The corotú is one of the largest and most beautiful of the trees of the savanna (left photo, below). It is known in Costa Rica as the guanacaste and is the national tree of that country. It is also known as false mahogany, the earlobe tree, and the elephant ear tree, among other names.
The gomphothere is an extinct large mammal, with four tusks and some elephant-like features. The illustration at right below is from Fossil Treasures of Florida, used by permission.
How the corotú and the gomphothere are related is a fascinating story uncovered by Janzen and Martin while working in Costa Rica, and we’ll get to it shortly.
How to recognize the corotú
The corotú is an intriguing tree in its own right. As a member of the Fabaceae (bean) family, it has alternating, compound leaves and produces pods filled with beans.
The tree itself may grow to 35 meters (about 115 ft) and its trunk may exceed 1 meter (3.2 ft) in diameter. The trunk of this particular roadside tree is covered with woody vines, nearly hiding its light gray color and dark, reddish brown vertical fissures.
But the sure-fire key to recognizing the corotú lies in its distinctive pods.
The pods give the corotú, Enterolobium cyclocarpum, its scientific name:
- Enterolobium  = within (entero-) lobes (lobium) [Dave’s Botanary]
- Enterolobium  = relating to the intestine (entero-) [American Heritage Dictionary]
- cyclocarpum = circle (cyclos) fruit (carpos) [Dictionary of Botanical Epithets]
It is a fruit in the shape of a circle; it has lobes that make it look like a section of intestines.
Humans have found uses for these pods. When I brought one home to show our then worker, he immediately broke it in two and took it over to the standpipe, where he held it under water for a bit. Then he rubbed his thumbs on the pulp and gradually worked up a lather! Panamanians clearly know how to use these pods as a source for soap, and it has been documented that some indigenous people in Mexico have used this soap especially for washing woolen clothes.
The pulp that lathers is on the above left and the protected seed in its cavity is on the right. And what a seed it is! Stone hard and beautiful. It needs to be scored before it will germinate.
When the pods of the corotú ripen, they fall to the ground and accumulate directly under the parent tree. Since the seeds can’t germinate without having been scored, they simply sit there. How, then, does the corotú ever expand its range, or does it?
Gompotheres to the rescue
Nearly 20 years ago, Janzen and Miller asked this question not only of the corotú, or guanacaste, but also of several other trees and plants that produced large fruits and that had no obvious way to disperse their seeds: the jobo or hog plum (Spondias sps.), the anona or custard apple (Annona reticulata), the naranjillo (Zizyphus guatemalensis), the jicaro or Mexican calabash (Crescentia alata), the trompillo (Albertia edulis), and many more. They suggested that large herbivores that lived during the pre-Pleistocene eras but that are now extinct distributed the seeds of at least 37 different species of trees found in Costa Rica. Large herbivores that lived in Central America at that time included the giant ground sloth, the giant armadillo, the native horse, and the gomphothere. These herbivores could have eaten the fruits and thereby could have carried the seeds to distant places before defecating.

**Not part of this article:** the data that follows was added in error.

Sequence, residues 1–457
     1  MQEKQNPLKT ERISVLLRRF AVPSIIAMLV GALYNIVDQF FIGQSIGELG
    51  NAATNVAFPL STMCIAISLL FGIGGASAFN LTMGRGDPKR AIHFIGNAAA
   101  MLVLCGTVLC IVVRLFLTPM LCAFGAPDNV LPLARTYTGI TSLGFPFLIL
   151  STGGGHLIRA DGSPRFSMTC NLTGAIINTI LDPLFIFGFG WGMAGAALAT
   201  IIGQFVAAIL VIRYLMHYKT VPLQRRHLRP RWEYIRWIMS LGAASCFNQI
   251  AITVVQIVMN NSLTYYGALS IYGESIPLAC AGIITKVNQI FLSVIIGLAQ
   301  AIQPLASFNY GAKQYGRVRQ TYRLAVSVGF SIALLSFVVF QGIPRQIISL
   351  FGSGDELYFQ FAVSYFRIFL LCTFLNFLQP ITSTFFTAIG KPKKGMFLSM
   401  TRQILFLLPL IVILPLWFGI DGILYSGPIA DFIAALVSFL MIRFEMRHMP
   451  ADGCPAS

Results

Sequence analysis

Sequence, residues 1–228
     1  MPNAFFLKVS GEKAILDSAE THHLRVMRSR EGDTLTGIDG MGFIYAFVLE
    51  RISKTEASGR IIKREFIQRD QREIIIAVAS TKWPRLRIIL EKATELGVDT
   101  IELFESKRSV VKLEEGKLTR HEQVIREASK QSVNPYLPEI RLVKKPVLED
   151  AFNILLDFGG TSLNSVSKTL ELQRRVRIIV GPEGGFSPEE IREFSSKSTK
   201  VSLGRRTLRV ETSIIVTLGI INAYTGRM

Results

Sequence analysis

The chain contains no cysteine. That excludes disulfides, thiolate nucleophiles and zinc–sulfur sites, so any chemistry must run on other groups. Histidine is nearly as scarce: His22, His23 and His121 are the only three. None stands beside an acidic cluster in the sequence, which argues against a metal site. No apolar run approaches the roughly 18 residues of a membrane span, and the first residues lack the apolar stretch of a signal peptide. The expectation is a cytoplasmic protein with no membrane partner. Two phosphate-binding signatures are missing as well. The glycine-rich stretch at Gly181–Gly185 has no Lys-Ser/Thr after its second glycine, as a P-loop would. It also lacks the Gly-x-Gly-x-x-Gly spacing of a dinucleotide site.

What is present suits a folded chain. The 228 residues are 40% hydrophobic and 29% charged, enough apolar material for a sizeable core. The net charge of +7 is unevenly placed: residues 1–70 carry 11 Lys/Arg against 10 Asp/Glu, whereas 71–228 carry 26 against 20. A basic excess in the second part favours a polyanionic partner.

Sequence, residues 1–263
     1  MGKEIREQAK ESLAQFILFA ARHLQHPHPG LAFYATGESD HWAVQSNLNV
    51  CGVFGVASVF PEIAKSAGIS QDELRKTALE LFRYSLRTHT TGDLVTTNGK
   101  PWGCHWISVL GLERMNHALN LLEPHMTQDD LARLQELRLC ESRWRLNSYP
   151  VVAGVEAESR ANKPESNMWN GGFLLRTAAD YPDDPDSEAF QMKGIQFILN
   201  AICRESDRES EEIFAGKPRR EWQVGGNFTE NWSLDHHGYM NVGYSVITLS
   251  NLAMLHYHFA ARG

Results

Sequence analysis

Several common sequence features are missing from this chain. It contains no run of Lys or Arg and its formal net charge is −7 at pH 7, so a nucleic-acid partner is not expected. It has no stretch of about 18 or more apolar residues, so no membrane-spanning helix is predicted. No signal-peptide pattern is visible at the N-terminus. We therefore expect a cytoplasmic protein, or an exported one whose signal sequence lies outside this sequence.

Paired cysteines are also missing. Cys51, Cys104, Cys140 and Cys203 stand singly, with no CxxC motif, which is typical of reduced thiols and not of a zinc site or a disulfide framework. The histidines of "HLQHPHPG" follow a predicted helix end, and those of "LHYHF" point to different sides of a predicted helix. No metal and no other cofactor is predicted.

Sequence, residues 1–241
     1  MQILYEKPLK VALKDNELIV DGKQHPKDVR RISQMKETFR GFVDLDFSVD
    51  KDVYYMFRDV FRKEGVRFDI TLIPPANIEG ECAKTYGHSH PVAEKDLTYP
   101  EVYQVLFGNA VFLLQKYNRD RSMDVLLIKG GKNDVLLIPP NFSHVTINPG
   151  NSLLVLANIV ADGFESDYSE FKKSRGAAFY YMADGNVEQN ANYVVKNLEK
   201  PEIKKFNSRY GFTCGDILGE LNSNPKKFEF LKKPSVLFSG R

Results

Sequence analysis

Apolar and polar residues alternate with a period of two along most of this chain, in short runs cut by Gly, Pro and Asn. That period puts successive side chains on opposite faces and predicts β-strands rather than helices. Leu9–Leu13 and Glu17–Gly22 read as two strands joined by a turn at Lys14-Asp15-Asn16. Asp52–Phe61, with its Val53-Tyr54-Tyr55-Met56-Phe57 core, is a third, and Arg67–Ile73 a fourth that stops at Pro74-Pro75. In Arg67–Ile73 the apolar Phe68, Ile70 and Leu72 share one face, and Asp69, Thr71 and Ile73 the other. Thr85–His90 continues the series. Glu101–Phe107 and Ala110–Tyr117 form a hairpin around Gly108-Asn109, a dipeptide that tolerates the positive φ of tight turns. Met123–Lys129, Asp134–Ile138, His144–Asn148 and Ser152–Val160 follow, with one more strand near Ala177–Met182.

Fruits in the American Northern Hemisphere may also have had their seeds distributed by large, now extinct, herbivores – fruits such as the osage orange (Maclura pomifera), pawpaw (Asimina sp.), and the Kentucky coffee bean (Gymnocladus dioica). [Janzen and Miller] Connie Barlow has written about these possibilities in Anachronistic Fruits and the Ghosts Who Haunt Them, a very good read.
Horses and cattle
Janzen and Miller also suggested that the introduced cattle and the re-introduced horses in Central America may today be dispersing at least some of the seeds formerly moved around by the extinct large herbivores. They have a picture in their paper of a horse eating, apparently with relish, a jicaro gourd (Crescentia alata), something we humans find inedible, or at the very least, extremely boring.
Here in the western province of Chiriqui, in Panama, the corotú is more widely distributed than you might think, for a tree that dumps all its fruits directly beneath its canopy. But here in Chiriqui, also, many Panamanians ride their horses as their main way of getting around. And where are the corotú trees found? Often along the roadside. It’s easy to imagine a horse tethered in the fine shade of a corotú, eating the fruits right at her feet. Then, as the horse is ridden home, somewhere along the way or more probably in a day or so, it defecates the corotú seeds, now nicely corroded by horse intestines and ready to germinate.
Note: Special thanks to Sarcozona of Gravity’s Rainbow for sharing with me her copy of the Janzen & Martin paper, which enabled me to understand a little of pre-Pleistocene ecology.